Supreme Court could hand down landmark decision based on WI case soon

A decision that could greatly affect voters is expected to be handed down by the Supreme Court any day now. The gerrymandering case stems from the 2011 Republican-led redistricting of Wisconsin that Democrats argue caused voter discrimination based on their political affiliation.

People might be more familiar with racial gerrymandering, where districts were redrawn to systemically weaken black or Latino votes. This would be the first time the court rules on politically motivated redistricting, setting a legal precedent for the future.

Gerrymandering is nothing new.

“It’s been going on for maybe centuries,” said Joe Heim, a political analyst.

But now technology allows the party in power to redistrict with incredible accuracy.

“The commonly used phrase is it allows legislators to pick their voters rather than the voters picking their legislators,” Heim said.

What it comes down to is the “efficiency gap.” It’s when a party takes certain voters they don’t need to win in one district known as “wasted votes” and puts them in another that they might otherwise lose.

“You pack em into one district, then you divide the rest of them into different districts. You can, in fact, take a lot more districts,” Heim explained.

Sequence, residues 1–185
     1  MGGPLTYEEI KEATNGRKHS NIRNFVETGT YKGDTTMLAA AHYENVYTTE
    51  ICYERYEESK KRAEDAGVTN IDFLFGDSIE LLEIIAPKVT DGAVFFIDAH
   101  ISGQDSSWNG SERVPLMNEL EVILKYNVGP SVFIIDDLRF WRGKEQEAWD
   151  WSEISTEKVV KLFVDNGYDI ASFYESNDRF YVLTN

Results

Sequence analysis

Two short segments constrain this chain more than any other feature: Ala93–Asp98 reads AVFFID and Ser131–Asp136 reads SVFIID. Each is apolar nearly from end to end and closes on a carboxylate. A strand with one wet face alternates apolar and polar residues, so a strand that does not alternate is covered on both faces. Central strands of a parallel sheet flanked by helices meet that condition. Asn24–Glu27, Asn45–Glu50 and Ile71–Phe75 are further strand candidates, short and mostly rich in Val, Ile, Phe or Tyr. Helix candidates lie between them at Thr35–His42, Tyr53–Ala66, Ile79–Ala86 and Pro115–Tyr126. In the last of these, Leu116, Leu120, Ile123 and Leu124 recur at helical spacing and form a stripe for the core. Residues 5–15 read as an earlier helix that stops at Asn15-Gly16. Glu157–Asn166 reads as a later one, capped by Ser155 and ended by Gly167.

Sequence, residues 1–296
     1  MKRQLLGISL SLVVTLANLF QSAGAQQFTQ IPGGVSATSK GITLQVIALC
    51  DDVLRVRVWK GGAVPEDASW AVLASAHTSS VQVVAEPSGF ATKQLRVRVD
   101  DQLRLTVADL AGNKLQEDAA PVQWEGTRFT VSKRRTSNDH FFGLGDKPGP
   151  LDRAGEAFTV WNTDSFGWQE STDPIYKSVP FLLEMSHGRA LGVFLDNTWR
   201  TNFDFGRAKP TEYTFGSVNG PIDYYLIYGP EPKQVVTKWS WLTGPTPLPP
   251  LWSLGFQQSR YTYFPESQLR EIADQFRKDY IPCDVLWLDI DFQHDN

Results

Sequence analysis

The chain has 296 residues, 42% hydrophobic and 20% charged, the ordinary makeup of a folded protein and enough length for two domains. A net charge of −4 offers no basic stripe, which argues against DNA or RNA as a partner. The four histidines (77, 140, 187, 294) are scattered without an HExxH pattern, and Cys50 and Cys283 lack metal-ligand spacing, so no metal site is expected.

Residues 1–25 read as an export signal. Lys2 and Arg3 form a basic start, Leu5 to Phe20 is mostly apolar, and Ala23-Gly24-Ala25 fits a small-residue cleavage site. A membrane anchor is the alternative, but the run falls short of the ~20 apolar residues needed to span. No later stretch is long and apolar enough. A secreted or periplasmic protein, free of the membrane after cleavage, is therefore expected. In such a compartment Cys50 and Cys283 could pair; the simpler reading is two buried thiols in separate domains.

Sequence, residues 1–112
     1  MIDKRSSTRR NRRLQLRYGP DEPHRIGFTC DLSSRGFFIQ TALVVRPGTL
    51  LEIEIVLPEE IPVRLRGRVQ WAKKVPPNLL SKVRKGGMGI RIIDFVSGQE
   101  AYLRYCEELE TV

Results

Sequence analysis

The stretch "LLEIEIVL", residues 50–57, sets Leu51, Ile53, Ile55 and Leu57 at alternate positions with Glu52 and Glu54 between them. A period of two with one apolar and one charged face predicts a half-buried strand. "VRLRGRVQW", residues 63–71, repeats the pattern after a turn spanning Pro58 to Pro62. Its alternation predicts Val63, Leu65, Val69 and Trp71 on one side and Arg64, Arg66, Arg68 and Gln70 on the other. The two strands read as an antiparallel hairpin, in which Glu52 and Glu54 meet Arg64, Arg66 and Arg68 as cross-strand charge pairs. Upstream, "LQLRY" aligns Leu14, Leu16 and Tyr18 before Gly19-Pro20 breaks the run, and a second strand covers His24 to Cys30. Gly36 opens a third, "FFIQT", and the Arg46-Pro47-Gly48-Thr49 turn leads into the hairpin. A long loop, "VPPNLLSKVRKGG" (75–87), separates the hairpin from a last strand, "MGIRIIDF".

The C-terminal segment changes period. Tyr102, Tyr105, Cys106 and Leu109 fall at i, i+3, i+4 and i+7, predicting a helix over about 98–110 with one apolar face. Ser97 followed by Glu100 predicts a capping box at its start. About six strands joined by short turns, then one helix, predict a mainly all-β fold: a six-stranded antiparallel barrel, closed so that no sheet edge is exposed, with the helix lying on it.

In the Whitford v Gill case, Democrats argue after the GOP redistricting in 2011, they garnered 54 percent of the votes across the state. But, they only had 39 out of 99 seats in the assembly.

“Politics have become much too partisan and this map that was drawn up by the Republican Party is just an extreme example of hyper-partisanship,” said Michael Smuksta, co-chair of the La Crosse County Democratic Party.

Bill Feehan, chairman of the La Crosse County Republican Party, believes the argument over the number of votes doesn’t quite add up.

“When Donald Trump wins 59 out of 72 counties in the state, it’s obvious that there are going to be more Republican districts in the Assembly and in state Senate,” Feehan said.

Feehan said creating an outside group to oversee the process would need a constitutional amendment vote and it still wouldn’t be a good solution.

“Everybody has their political leanings. And so it’s just not going to happen that we’re going to create a board of people that’s nonpartisan,” Feehan said.

The La Crosse County Democratic Party is in favor of creating this type of group similar to ones in other states.

“People have input into it and the legislatures have less of an influence on those maps that are drawn. And so it makes the situation more competitive,” Smuksta said.